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Civil Litigation, Law Practice, Judges and Judiciary

Jan. 29, 2018

Overview of California depositions

The objective of this article and accompanying self-assessment test is to provide bench officers and lawyers with an overview of depositions by oral examination in California.

The objective of this article and accompanying self-assessment test is to provide bench officers and lawyers with an overview of depositions by oral examination in California. By reading the article and taking the accompanying self-study test, readers will learn about securing persons' attendance at depositions, limitations on depositions, and selected motions relating to depositions.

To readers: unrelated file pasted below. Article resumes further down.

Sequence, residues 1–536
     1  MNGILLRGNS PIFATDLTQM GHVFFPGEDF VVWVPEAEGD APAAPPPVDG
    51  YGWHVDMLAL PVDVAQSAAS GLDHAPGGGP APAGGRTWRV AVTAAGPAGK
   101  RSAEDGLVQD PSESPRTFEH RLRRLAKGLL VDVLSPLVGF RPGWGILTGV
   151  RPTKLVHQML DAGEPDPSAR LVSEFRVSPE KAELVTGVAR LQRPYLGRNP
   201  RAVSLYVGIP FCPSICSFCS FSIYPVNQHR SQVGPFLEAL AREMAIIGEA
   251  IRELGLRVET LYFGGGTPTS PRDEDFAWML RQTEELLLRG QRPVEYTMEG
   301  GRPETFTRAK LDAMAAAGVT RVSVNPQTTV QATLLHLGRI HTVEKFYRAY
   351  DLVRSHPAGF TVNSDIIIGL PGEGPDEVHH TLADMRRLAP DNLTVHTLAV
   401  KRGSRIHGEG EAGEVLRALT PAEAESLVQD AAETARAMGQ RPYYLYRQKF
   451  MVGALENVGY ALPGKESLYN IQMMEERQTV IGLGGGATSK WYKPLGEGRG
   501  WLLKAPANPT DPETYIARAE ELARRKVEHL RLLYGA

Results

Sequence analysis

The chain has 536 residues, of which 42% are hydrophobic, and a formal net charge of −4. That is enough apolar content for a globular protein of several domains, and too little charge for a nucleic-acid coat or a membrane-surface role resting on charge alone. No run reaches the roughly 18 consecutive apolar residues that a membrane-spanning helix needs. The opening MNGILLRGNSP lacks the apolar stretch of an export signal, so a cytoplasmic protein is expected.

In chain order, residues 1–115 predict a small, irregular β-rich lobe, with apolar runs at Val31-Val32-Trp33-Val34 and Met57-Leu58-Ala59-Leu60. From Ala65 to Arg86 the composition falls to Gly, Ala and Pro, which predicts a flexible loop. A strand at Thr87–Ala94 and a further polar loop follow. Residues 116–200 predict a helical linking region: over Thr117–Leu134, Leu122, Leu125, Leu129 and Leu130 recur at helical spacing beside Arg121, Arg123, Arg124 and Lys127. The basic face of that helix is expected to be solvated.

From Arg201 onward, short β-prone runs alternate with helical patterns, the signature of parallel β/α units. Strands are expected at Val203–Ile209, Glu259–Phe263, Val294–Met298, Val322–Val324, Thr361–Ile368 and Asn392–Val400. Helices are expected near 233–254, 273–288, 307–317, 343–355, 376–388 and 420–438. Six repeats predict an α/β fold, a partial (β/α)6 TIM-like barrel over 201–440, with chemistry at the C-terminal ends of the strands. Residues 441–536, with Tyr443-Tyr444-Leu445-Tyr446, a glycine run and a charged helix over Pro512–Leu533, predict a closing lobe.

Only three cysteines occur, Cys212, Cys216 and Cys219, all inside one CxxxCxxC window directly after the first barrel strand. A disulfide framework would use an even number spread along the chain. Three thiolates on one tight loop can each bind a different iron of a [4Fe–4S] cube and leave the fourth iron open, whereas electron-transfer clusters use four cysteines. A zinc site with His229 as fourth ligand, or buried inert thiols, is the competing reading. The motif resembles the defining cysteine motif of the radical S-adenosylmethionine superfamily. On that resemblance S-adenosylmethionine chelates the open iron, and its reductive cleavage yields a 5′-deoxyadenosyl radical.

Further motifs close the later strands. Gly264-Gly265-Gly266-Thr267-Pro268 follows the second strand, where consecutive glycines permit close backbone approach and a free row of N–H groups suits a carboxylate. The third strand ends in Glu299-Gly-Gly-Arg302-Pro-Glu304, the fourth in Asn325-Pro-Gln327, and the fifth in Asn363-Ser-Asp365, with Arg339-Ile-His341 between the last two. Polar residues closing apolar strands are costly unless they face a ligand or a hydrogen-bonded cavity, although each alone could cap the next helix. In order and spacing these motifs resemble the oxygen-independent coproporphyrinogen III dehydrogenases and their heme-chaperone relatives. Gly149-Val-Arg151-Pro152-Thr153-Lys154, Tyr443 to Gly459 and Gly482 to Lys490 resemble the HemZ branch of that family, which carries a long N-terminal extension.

Overview

Depositions through oral examination, as with other statutory discovery tools, are intended "to expedite the trial of civil matters by allowing litigants an adequate means of discovery during the period of preparation for trial." Greyhound Corp. v. Superior Court, 56 Cal. 2d 355 (1961). Depositions are also important because they make certain that witness' testimony will be available at a trial. Ahern v. Superior Court, 112 Cal. App. 2d 27 (1952).

Code of Civil Procedure Section 2025.010, et seq. (all further statutory citations are to sections in this code) governs the oral examination deposition process. (Depositions by written questions are covered in 2028.010, et seq.)

Depositions are the only discovery method that may be used with a nonparty to the action. A party may take in California "the oral deposition of any person, including any party to the action." 2025.010; nonparty deposition discovery is governed by 2020.010, et seq.